Meds & Feeling "Flat"
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Q:  Meds & Feeling "Flat"


Hi Dr.
My girlfriend has been diagnosed as having both bipolar II and borderline personality disorder. She has perscribed geodon and depakote. When she doubled the depakote she reported to me that she felt nothing towards me and her children. It's like she felt "flat and disconnected." She also reported an increase in anxiety and depression symptoms. When she told her treatment person, that person told her she was going to increase the depakote. Before she started these meds, she told me that she loved me and wanted to build a life together. Now she feels flat about everything. I don't know what to make of it. Could it be the result of the meds, especially depakote?What would you suggest.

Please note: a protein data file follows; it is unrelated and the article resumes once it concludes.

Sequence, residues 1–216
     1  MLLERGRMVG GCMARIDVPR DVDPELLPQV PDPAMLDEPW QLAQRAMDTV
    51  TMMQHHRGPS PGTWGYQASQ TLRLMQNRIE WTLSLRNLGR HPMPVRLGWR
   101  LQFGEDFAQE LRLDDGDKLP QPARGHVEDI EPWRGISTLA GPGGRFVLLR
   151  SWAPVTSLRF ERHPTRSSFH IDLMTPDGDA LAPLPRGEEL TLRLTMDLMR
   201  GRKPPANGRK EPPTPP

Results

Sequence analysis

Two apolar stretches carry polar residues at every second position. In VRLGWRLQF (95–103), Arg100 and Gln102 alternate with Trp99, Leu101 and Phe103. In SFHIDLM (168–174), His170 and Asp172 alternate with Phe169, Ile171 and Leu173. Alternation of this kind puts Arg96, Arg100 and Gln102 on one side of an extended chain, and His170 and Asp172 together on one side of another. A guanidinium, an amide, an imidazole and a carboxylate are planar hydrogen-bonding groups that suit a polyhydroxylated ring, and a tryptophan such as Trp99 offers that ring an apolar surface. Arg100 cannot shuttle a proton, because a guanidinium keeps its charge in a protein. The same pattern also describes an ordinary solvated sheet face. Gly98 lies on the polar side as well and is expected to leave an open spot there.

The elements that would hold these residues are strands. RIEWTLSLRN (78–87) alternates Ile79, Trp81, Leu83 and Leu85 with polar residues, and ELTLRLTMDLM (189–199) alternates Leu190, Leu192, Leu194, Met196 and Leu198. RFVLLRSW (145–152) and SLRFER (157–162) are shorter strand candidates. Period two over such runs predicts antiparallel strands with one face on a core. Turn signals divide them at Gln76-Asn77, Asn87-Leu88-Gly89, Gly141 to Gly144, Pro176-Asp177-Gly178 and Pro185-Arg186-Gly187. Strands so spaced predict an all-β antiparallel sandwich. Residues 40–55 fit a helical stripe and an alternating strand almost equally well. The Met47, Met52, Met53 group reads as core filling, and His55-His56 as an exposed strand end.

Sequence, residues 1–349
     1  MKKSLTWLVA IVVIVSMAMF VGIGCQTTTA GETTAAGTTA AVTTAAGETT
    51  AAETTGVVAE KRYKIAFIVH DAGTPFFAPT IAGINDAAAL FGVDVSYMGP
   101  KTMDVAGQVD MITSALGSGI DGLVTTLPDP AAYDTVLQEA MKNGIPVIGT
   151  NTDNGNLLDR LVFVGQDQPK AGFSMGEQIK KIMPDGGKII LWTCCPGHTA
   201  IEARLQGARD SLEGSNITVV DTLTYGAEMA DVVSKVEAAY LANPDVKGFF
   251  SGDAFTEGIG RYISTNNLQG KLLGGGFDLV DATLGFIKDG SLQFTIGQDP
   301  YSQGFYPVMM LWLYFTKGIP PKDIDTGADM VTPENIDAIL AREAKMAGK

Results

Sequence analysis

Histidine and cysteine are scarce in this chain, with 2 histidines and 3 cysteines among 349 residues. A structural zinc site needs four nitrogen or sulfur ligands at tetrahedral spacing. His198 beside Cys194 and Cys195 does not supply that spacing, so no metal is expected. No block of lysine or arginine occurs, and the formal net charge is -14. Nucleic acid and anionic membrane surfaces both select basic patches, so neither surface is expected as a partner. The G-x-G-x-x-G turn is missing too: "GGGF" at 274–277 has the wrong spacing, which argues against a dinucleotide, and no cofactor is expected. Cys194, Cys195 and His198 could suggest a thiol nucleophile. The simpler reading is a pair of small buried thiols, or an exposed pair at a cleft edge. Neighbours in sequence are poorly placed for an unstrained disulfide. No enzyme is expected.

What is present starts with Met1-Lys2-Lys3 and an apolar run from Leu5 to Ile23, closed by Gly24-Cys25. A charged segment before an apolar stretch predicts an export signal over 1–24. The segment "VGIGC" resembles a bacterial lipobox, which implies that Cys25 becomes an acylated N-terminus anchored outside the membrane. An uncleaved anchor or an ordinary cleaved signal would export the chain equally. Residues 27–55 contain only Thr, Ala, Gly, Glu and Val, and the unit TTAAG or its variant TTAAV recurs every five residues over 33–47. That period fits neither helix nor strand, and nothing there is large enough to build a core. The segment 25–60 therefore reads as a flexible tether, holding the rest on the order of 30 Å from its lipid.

Paul
 

Dear Paul --
(I've gotten behind on letters; pardon the brevity of this reply)
Yes, that could be Depakote, which has that effect sometimes (not often, in my experience; and it would be just the opposite of my intent if a bunch of readers started lowering their Depakote after reading this...). But the increase in anxiety doesn't fit this hypothesis; depression yes, I see that occasionally too, but not increased anxiety.

Then there's the worry that "borderline personality disorder", or whatever she has that looks like that, could account for the "flat" feeling, particularly toward you, as "flat" or worse (e.g. rage) is pretty typical in the patterns of relationships with this supposed "disorder".

And I wonder about the Geodon too, as it's place in the treatment of bipolar disorder has not really been established -- so that too seems a possible culprit in trying to account for what you've observed, if only because we have so little experience with it in bipolar disorder (following a friend of mine's approach: "medications are guilty until proven innocent").

Perhaps you could forward your observations to her "treatment person" so at least you would know that person was aware of how it looks on your end of things (voicemail, or a letter, for example).

Dr. Phelps


Published October, 2003

 

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